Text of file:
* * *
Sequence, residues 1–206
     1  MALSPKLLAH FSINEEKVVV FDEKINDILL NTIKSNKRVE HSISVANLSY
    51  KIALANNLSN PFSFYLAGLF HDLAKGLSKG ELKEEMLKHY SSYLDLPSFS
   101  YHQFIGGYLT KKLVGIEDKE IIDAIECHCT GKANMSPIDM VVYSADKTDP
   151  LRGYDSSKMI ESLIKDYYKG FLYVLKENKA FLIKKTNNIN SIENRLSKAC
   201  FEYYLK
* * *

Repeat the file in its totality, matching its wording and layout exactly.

Sequence, residues 1–206
     1  MALSPKLLAH FSINEEKVVV FDEKINDILL NTIKSNKRVE HSISVANLSY
    51  KIALANNLSN PFSFYLAGLF HDLAKGLSKG ELKEEMLKHY SSYLDLPSFS
   101  YHQFIGGYLT KKLVGIEDKE IIDAIECHCT GKANMSPIDM VVYSADKTDP
   151  LRGYDSSKMI ESLIKDYYKG FLYVLKENKA FLIKKTNNIN SIENRLSKAC
   201  FEYYLK